Oct. 23, 2013 by Olivia Drake
Humanity is called to imagine an ethic that not only acknowledges but emulates the ways by which life thrives on Earth. How do we act, when we truly understand that we live in complete dependence on an Earth that is interconnected, interdependent, finite, and resilient? – The Blue River Declaration
Every year, the College of the Environment gathers a group of Wesleyan faculty, scholars of prominence from outside Wesleyan and undergraduate students into a year-long academic think tank on a critical environmental issue. This year’s theme is “Re-Envisioning the Commons.”
On Oct. 10, the group began engaging with the “Commons” theme as a way to think about moral ecology. The original “commons” was a physical social space, but in the years since biologist Garrett Hardin’s much-cited 1968 essay, “The Tragedy of the Commons,” the phrase “the Commons” speaks to the impossibility of liberal visions of freedom in the face of population growth that inevitably exhausts common resources.
Whether taken as a place with physical reality or taken as metaphor, the Commons serves as meeting ground – of living things and ideas.
As a metaphor, the group discusses the interdisciplinary discourse between economists, political scientists, environmental scientists, ecologists and ethicists on the management of common property resources by bringing into the conversation the humanities and the performing arts. As a physical reality, the think tank will conjoin its scholarly work with the efforts of student groups like the Long Lane Farm Club, WILDWes and WesFresh, and other campus groups committed to local food sovereignty and social justice.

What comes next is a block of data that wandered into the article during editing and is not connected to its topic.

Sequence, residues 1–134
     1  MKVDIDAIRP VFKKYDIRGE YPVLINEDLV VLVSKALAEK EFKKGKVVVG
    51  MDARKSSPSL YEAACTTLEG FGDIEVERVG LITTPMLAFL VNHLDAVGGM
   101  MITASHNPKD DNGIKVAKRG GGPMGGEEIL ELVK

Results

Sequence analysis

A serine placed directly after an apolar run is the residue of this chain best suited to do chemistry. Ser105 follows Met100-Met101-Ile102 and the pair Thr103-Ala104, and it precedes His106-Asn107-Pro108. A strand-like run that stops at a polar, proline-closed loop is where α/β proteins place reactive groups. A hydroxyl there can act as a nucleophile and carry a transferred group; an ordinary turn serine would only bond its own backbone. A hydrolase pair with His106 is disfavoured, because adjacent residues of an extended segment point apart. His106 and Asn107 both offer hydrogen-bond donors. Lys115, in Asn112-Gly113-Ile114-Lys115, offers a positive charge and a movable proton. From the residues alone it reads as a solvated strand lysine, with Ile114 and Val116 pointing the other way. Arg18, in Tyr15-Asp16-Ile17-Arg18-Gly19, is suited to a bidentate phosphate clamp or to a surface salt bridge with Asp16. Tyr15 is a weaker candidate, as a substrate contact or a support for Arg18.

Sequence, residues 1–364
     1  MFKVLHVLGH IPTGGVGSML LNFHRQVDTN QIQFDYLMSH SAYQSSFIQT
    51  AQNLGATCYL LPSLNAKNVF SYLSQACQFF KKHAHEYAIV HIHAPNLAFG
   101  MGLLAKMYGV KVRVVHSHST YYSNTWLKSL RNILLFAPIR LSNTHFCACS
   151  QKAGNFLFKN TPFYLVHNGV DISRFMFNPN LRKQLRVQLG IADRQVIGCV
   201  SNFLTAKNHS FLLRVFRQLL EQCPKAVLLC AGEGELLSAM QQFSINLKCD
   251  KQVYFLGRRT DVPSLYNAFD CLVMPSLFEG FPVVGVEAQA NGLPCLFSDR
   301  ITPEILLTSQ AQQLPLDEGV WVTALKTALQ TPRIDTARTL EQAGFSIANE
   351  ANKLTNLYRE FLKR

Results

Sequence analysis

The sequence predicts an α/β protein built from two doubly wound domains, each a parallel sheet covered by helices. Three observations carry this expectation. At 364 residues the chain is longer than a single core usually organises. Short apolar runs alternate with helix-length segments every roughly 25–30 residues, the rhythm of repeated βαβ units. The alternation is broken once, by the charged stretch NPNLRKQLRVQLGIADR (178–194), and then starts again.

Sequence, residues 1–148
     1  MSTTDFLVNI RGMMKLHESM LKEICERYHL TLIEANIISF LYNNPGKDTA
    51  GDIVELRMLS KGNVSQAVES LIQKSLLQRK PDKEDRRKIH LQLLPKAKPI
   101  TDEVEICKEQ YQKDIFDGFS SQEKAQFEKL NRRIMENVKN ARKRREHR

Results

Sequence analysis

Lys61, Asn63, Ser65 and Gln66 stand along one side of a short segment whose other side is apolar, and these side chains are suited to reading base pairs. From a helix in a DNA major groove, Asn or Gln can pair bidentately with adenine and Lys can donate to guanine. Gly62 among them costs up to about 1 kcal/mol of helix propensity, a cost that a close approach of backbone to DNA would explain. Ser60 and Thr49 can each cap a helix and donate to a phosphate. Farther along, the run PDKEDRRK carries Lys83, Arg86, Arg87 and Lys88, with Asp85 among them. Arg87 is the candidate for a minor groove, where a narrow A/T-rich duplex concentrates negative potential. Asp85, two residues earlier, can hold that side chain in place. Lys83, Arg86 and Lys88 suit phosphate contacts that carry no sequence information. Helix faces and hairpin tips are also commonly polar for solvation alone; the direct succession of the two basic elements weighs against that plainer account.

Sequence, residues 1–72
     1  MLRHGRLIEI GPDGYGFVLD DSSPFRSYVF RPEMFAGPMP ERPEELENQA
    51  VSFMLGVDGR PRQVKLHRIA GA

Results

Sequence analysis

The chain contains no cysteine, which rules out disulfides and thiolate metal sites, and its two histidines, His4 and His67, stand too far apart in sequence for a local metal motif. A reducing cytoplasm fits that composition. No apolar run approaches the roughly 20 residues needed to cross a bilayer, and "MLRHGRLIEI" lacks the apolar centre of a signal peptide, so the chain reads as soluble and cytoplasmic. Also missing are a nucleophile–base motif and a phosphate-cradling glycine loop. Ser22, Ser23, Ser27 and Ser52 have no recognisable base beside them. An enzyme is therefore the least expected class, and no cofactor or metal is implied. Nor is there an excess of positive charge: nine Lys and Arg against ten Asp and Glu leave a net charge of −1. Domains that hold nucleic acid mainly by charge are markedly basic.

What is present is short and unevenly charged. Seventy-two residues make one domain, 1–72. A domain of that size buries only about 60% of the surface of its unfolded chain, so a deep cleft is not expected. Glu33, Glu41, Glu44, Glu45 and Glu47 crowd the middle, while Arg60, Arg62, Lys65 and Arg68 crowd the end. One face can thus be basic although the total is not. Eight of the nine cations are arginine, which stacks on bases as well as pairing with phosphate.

“With this bridge of theory and praxis, we aim to grow epistemological and methodological repertoires for re-envisioning our relations within and with the Commons,” explained COE Fellow Gillian Goslinga.
Goslinga, assistant professor of anthropology and science in society, is joined in the think tank with COE faculty Fellows Paul Erickson, assistant professor of history and science in society; Nicole Stanton, associate professor of dance; and Frédérique Apffel-Marglin, the Menakka and Essel Bailey ’66 Distinguished Visiting Scholar in the College of the Environment. View their bios online here.
Apffel-Marglin is professor emerita in the Department of Anthropology at Smith College, and founder (in 2009) and director of Sachamama Center for Biocultural Regeneration in the Peruvian High Amazon. She was born in France and raised in Tangier, Morocco. She has spent years in India and Peru working with indigenous peoples and with farmers. She was a research associate at the World Institute for Development Economics Research (WIDER) in Helsinki, a part of the United Nations University, for several years in the 1980s and early 1990s. She has authored and edited more than 12 books and 50 articles.
The aim of the think tank is not only to generate a deeper understanding of the thematic issue, but also to produce scholarly works that will influence national/international thinking and action on the issue. Scholars and students in the think tank are expected to produce scholarly works by the end of the academic year. Each year the scholars and students will report on their findings at the annual Earth Day Celebration.
More photos of the Oct. 10 think tank meeting are below: